Then, on the other road, from the east, in the opposite direction to the column, Russian tanks drove up, and smashed through the column. We identified them as T-34/85s. The distance was too great, we heard nothing, only saw how the horses reared up, people ran to the sides, watched how the wagons were pushed and crushed by the tanks, how people fell from the wagons under machine-gun fire. This was how the Red Army did things – it was terrible!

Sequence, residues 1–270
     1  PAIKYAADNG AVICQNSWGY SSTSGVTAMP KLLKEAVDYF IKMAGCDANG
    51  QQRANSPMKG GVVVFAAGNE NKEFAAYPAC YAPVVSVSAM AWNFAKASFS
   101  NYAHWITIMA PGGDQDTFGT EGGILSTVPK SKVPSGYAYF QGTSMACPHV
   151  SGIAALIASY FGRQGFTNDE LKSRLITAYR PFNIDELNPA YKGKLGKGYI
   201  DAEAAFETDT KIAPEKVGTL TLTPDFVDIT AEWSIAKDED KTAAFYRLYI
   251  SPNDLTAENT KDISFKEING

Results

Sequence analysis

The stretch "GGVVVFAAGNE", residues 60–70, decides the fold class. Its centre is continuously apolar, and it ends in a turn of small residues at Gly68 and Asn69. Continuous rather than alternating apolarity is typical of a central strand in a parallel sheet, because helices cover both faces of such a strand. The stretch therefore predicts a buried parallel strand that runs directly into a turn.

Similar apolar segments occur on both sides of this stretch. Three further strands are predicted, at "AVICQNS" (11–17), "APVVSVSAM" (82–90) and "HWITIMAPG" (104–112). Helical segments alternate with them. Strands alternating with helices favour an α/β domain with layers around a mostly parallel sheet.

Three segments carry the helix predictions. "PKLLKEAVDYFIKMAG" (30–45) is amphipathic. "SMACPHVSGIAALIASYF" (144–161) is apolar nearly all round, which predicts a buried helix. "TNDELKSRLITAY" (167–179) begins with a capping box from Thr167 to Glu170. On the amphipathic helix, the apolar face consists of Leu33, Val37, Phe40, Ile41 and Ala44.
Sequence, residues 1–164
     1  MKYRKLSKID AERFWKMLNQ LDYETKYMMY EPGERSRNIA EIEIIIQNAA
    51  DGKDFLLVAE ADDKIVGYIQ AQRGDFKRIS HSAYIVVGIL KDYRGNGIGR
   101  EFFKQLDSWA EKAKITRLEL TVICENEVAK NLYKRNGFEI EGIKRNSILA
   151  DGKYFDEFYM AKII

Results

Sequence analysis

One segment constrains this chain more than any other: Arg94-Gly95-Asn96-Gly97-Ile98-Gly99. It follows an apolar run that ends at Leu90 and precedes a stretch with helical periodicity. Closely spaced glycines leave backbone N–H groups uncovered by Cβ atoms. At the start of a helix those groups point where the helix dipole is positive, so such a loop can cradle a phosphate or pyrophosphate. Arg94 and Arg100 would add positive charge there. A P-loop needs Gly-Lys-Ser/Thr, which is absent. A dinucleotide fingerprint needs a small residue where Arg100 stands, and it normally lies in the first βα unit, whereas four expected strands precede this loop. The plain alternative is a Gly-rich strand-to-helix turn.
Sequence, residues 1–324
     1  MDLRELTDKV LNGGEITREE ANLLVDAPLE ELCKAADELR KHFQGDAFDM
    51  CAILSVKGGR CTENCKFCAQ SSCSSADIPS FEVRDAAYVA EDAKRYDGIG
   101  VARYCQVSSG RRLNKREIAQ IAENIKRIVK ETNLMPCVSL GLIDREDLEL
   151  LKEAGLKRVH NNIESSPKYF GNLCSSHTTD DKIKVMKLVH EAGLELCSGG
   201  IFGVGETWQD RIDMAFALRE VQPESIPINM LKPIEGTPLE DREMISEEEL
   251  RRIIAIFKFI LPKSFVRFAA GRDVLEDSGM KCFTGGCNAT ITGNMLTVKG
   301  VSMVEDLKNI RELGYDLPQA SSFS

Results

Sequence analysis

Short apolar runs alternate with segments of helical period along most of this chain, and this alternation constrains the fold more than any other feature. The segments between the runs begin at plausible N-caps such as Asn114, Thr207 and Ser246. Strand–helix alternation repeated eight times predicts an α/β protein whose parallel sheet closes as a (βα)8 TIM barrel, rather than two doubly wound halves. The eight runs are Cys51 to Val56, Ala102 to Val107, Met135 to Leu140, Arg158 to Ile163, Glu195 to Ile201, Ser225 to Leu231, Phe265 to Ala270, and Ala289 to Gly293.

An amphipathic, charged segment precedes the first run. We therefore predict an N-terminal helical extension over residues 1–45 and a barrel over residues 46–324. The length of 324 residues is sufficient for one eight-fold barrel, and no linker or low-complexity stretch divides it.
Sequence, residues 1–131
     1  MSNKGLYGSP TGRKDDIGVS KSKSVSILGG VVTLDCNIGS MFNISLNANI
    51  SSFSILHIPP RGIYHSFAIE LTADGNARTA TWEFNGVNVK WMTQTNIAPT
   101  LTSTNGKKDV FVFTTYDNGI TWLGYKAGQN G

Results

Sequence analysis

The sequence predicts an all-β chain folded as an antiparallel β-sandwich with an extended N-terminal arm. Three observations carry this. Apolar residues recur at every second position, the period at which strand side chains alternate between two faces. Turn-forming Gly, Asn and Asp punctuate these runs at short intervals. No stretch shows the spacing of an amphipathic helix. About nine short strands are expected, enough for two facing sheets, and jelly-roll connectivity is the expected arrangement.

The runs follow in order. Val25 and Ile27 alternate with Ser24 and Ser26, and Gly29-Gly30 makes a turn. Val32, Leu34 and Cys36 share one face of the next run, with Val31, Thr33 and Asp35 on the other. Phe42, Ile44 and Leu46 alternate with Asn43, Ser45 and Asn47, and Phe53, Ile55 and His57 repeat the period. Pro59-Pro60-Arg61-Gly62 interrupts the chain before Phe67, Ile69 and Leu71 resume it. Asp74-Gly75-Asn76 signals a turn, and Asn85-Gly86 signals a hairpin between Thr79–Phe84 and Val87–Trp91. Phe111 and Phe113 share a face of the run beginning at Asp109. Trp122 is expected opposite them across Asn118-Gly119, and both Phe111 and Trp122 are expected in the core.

The faces of the civilians were grey and tired, and in some of them we could even see resentment, as if it was our fault that their homes had been destroyed and so many of their dear ones burnt to cinders. Smiling wryly, we reminded each other that Hitler himself had promised his soldiers that the gratitude of the Fatherland to them would be ensured forever. But we realized that these had merely been words, and the cold reality was quite different.